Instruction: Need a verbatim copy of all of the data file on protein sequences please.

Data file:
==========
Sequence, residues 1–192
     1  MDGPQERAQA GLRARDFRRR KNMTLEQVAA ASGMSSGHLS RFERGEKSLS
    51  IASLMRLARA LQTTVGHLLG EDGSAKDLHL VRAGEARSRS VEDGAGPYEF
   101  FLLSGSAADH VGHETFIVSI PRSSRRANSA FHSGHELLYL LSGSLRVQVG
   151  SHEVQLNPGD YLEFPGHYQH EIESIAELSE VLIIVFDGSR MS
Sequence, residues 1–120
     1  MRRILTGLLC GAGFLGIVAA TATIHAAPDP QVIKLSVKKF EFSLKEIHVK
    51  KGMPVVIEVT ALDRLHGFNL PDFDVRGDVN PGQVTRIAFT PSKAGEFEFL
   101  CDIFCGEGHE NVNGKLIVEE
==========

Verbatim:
Sequence, residues 1–192
     1  MDGPQERAQA GLRARDFRRR KNMTLEQVAA ASGMSSGHLS RFERGEKSLS
    51  IASLMRLARA LQTTVGHLLG EDGSAKDLHL VRAGEARSRS VEDGAGPYEF
   101  FLLSGSAADH VGHETFIVSI PRSSRRANSA FHSGHELLYL LSGSLRVQVG
   151  SHEVQLNPGD YLEFPGHYQH EIESIAELSE VLIIVFDGSR MS
Sequence, residues 1–120
     1  MRRILTGLLC GAGFLGIVAA TATIHAAPDP QVIKLSVKKF EFSLKEIHVK
    51  KGMPVVIEVT ALDRLHGFNL PDFDVRGDVN PGQVTRIAFT PSKAGEFEFL
   101  CDIFCGEGHE NVNGKLIVEE